Recently I have been reading about anarchists and about various well-know historical proponents of anarchy.
Emma Goldman, Anarchist
I wonder why the philosophy of anarchy is so despised by so many? Its basic tenet seems highly desirable, especially in the face of the seemingly unavoidable corruption of people involved in big government.
Anarchism, according to Wikipedia is a political philosophy which considers 'the state' undesirable, unnecessary, and harmful, and instead promotes a stateless society, or anarchy.
That seems. at first thought, to be a desirable goal.
I'll continue reading and thinking about it.
Another subject I have been reading about is Diogenes the Cynic, also known as Diogenes of Sinope
Diogenes Living In His Tub
One story has it that Diogenes used to stroll about in full daylight with a lamp; when asked what he was doing, he would answer, "I am just looking for an honest man." Diogenes looked for a human being but reputedly found nothing but rascals and scoundrels.
Another story says that Diogenes asked, "If I lack awareness, then why should I care what happens to me when I am dead?" At the end, Diogenes made fun of people's excessive concern with the "proper" treatment of the dead.
Some of Diogenes' detractors have said he was an obnoxious beggar and an offensive grouch. Sounds like my kind of guy.
I intend to read on and try to discover (and understand) more about the discipline of cynicism.
I do not often read the pronouncements of literary critics but at times I happen upon one that intrigues me enough to make me read it to the end. Such as, from The New Yorker: Man of Mystery -- Why do people love Stieg Larsson’s novels? -- written by Joan Acocella January 10, 2011.
Below are a couple of excerpts from the piece.
Having got American readers to buy more than fourteen million copies, collectively, of Stieg Larsson's Millennium trilogy books--"The Girl with the Dragon Tattoo" (2008, American edition), "The Girl Who Played with Fire" (2009), and "The Girl Who Kicked the Hornet’s Nest" (2010)...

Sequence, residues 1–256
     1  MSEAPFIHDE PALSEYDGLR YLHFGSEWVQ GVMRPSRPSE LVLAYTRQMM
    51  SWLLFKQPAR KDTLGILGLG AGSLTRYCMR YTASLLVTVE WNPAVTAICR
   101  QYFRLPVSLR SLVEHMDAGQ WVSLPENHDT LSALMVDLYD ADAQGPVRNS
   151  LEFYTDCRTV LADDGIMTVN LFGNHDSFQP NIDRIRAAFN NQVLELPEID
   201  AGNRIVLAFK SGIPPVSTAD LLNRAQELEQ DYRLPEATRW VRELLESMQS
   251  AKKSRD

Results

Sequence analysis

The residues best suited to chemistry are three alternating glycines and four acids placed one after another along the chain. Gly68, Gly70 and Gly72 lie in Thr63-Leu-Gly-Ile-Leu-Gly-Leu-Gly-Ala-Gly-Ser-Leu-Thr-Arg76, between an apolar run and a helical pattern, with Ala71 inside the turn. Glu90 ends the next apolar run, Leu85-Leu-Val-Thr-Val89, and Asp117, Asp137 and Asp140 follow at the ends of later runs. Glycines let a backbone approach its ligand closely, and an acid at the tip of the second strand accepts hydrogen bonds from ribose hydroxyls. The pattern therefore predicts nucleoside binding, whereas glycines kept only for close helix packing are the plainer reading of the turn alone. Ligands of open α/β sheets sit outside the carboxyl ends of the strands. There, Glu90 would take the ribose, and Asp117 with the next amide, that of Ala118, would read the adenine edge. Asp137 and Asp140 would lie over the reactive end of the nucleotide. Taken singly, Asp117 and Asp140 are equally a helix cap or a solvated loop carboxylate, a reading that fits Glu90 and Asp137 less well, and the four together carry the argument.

Larsson submitted the manuscript to Piratforlag, a publishing house with a strong line of crime novels. The editors there never opened the package. (They did not read manuscripts from first-time authors.) Today, one almost pities them. The publisher that accepted the Millennium trilogy--Norstedts Forlag, the second firm Larsson contacted--has sold three and a half million copies of the books.
Read more here
SOARS is an acronym for the SOCIETY FOR OLD AGE RATIONAL SUICIDE.
Presently, the main objective of SOARS is to begin a campaign to get the law eventually changed in the UK so that very elderly, mentally competent individuals, who are suffering unbearably from various health problems (although none of them is "terminal") are allowed to receive a doctor’s assistance to die, if this is their persistent choice. Surely the decision to decide, at an advanced age, that enough is enough and, avoiding further suffering, to have a dignified death is the ultimate human right for a very elderly person.
Here is an appeal from a brief Annual SOARS Lecture (London - September 17, 2010)
That's all I have today. More tomorrow, maybe.
"The most disheartening tendency common among readers is to tear out one sentence from a work, as a criterion of the writer's ideas or personality ..."